Chopping Through Writer’s Block

Writer’s block usually occurs for one simple reason – people are not ready to write. Many think if they clear their schedule, get a coffee and sit down at the computer, this will grant them magical powers of inspiration. Instead, frustration is often the result.

The two biggest enemies of effective business writing are (i) procrastination and (ii) impulsiveness. Procrastination involves writers spending long hours thinking about something they should be composing. To avoid getting started or perhaps from the worry that what they first write must be instantly correct, they stall and move on to other activities.

The solution to procrastination is to just begin. Worry about perfection later. Allow yourself the chance to say it the WRONG WAY before you say it the RIGHT WAY. It is crucial to remember that few well-written documents are polished in their initial drafts.

Writing is a process that generally leads from an imperfect draft to a finished product (sometimes, with multiple steps in between). Here are five tips to break through procrastination.

  • Give yourself a deadline, such as ten or twenty minutes, to write that first, fast draft. Moving words across a page or screen, even if they aren’t the precise ones you want, will help you arrive at the right ones later.
  • Begin with a bogus first sentence; it doesn’t matter if it is trite or formal. “I am writing to persuade you to . . . ,” “I am writing because I strongly disagree with . . . , ” “I am writing to share information on the following . . .” These will get you to the point; they can be removed later, just like training wheels.
  • Begin anywhere. If the first sentence is stalling you, move on to another part or section of the letter, report or memo.
  • Try a non-traditional outline. This technique, known as mind mapping, webbing or clustering, is a fast and non-linear way to get words and ideas on paper or screen. Mind mapping is like playing word association. It allows you to see patterns and relationships in your subject ( or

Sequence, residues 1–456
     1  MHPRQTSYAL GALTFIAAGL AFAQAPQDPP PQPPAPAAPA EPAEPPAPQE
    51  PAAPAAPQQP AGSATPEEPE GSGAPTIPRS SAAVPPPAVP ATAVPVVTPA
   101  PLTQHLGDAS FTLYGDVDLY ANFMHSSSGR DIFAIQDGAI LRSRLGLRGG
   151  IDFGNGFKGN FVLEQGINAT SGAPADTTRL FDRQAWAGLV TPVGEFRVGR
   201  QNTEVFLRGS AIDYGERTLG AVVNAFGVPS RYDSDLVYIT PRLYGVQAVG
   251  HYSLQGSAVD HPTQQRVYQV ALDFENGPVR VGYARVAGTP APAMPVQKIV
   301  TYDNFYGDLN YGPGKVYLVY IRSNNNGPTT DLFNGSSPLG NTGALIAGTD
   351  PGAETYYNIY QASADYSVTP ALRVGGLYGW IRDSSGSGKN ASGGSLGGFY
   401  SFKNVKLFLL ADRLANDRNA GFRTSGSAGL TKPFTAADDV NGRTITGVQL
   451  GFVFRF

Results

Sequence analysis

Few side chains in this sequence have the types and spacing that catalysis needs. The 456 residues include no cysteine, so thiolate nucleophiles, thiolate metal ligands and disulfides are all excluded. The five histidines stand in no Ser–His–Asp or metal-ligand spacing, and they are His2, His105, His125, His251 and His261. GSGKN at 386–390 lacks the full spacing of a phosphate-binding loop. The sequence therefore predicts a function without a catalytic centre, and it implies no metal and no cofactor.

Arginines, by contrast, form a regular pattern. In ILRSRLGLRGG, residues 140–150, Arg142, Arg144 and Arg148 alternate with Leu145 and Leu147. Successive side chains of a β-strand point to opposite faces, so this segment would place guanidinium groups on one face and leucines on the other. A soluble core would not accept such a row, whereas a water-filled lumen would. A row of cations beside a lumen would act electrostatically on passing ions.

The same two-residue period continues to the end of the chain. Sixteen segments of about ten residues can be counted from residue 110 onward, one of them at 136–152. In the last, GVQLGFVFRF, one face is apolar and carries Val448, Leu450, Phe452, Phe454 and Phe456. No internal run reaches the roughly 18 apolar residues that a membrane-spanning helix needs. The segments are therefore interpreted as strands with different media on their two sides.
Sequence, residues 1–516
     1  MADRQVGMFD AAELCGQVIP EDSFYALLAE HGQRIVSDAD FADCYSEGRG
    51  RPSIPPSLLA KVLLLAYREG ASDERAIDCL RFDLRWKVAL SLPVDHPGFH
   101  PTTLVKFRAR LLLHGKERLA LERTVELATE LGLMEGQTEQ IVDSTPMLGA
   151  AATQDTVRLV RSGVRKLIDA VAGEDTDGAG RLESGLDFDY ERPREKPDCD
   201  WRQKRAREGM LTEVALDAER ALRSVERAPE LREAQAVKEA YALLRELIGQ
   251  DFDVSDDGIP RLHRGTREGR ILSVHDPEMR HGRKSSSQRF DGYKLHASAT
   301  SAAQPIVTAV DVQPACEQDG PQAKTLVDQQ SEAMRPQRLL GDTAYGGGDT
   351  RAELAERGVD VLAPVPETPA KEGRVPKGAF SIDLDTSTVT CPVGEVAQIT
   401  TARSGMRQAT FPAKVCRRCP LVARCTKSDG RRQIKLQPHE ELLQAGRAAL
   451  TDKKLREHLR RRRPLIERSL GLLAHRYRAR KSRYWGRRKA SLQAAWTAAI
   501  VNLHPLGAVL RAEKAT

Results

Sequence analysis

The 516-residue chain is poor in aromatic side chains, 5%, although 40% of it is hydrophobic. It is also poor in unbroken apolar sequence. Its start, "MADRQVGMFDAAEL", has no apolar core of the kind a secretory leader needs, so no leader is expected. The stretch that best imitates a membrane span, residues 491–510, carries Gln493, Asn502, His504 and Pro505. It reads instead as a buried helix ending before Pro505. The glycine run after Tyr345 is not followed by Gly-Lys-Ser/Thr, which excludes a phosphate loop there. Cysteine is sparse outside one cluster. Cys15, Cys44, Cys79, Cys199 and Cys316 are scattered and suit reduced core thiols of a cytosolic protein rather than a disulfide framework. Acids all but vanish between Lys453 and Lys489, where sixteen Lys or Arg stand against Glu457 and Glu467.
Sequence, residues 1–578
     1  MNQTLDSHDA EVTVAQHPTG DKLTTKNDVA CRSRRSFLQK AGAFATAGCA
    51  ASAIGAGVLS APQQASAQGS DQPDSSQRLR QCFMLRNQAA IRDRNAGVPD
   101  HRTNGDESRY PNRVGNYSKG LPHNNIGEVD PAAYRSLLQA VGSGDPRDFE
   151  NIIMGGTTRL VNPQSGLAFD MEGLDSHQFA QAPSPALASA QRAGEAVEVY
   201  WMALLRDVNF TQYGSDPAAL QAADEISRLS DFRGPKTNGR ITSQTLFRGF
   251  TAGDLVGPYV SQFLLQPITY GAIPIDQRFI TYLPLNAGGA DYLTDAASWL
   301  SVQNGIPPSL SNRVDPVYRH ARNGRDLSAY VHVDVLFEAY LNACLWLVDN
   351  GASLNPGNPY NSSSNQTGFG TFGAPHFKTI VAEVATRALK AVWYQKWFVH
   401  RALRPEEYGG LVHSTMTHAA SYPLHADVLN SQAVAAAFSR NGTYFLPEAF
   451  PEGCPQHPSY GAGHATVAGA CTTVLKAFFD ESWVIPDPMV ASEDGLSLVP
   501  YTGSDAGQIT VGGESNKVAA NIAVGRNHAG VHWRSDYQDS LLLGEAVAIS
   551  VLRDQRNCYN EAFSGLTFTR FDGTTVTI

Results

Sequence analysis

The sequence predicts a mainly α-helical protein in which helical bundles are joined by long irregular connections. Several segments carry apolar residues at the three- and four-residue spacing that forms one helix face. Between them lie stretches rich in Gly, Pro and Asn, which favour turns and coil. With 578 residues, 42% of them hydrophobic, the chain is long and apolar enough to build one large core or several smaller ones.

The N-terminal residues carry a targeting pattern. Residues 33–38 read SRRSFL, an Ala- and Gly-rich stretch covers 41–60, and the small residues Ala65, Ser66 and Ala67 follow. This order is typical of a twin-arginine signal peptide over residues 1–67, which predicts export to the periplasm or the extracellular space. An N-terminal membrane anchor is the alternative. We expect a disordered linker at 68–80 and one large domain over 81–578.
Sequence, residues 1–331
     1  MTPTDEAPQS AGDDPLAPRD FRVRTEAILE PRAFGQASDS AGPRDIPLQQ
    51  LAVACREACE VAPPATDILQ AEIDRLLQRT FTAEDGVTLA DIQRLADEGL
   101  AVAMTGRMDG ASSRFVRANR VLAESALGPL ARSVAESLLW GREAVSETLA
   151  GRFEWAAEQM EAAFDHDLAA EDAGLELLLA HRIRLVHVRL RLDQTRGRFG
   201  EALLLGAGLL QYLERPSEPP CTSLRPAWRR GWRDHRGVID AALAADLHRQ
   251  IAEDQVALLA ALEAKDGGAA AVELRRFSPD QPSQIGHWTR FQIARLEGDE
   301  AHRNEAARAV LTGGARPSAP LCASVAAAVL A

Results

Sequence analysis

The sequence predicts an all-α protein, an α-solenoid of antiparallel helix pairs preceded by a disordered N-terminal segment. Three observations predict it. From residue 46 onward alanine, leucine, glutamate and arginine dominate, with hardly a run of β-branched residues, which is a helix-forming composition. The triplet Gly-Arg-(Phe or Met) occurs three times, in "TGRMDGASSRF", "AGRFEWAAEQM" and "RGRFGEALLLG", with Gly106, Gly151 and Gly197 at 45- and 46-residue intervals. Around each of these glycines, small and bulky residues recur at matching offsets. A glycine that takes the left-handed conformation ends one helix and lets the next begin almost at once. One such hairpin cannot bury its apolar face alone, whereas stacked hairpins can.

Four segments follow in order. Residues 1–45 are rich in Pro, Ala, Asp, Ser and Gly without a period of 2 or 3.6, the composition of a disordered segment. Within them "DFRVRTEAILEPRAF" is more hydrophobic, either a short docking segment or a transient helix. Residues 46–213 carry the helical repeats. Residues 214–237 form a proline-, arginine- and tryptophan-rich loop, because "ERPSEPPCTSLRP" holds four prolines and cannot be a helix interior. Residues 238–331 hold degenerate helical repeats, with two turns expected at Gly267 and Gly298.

• Vary the audience. Sometimes, a writer can be intimidated if the letter or memo is intended for a supervisor or person in position of authority (i.e. regulator). You can try writing the correspondence with a friendlier audience in mind, such as a co-worker or even family member. This may help break the paralysis of trying to write in an overly formal tone.

The other side of the coin in poor business writing is impulsiveness – the “phew, it’s done” approach. Some busy writers believe their first attempt to communicate something in writing is the only necessary effort – or that the first draft is as good as it gets. With impulsiveness, the acts of composing, editing and proofreading are done all at once (if the latter two are done at all). Not only can errors creep into this process, but also the writing will be unclear. This results in the need for follow-up communication (phone or email) and time-consuming clarifications or apologies.

One solution to impulsiveness is to let a document sit, even if only for a few hours. A little distance gives a clearer perspective. After you put your ideas down and write your first draft, set the document aside for a period of time and focus on other tasks. When you return to the document, you will have a fresh approach and can look at issues like wording, style and readability with a critical eye.


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